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Aspirin for primary prevention of cardiovascular disease?

Aspirin is recommended for the prevention of cardiovascular disease in people at risk.1,2 This includes those who have previously had a cardiovascular event (i.e. secondary prevention) and those with no history of cardiovascular disease (CVD) but who are at increased risk (i.e. primary prevention).

While the benefit of aspirin therapy for secondary prevention substantially outweighs the risk of harm such as increased risk of major bleeding, the balance of risk versus harm for primary prevention is less clear.

Recent papers have questioned the place of aspirin in primary prevention

Antithrombotic Trialists’ (ATT) Collaboration

A recent meta-analysis of trials involving 95,000 participants investigated aspirin for the primary and secondary prevention of CVD.3

For primary prevention, aspirin was found to reduce serious vascular events by 0.07% per year compared with no aspirin, mainly due to a 0.05% reduction in non-fatal myocardial infarction. However aspirin significantly increased major gastrointestinal and other extracranial bleeds (0.1% per year with aspirin compared to 0.07% per year without aspirin).3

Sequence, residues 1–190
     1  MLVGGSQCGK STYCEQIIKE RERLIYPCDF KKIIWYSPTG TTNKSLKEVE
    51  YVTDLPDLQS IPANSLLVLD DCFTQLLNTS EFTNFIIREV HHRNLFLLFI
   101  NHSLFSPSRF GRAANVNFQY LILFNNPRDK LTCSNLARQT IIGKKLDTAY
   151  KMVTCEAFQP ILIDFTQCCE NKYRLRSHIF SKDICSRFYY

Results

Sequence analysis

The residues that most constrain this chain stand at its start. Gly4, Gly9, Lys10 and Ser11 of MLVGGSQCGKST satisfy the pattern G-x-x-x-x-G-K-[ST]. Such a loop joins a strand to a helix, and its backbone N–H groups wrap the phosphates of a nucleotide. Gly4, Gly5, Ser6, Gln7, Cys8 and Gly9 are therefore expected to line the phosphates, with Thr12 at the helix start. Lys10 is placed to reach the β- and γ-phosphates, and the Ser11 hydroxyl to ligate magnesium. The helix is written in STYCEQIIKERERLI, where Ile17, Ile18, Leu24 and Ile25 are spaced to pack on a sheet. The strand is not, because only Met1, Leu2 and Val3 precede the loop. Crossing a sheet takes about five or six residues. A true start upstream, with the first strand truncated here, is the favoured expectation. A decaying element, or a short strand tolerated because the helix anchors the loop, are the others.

For secondary prevention, aspirin yielded a greater absolute reduction in serious vascular events (6.7% vs 8.2% per year) and had a similar effect on major bleeds as seen in primary prevention.3

The researchers concluded that when using aspirin for primary prevention, the absolute reduction in serious cardiovascular events is likely to be small, and is expected to be at least partially offset by a small increase in serious bleeds. They also stated that current evidence does not seem to support the routine use of aspirin in apparently healthy individuals with a more than moderate risk of CVD.3

Aspirin for Asymptomatic Atherosclerosis (AAA) study

Participants recruited for this study were asymptomatic but at risk of CVD as measured by ankle brachial index (ABI - the ratio of systolic pressure at the ankle to that of the arm).4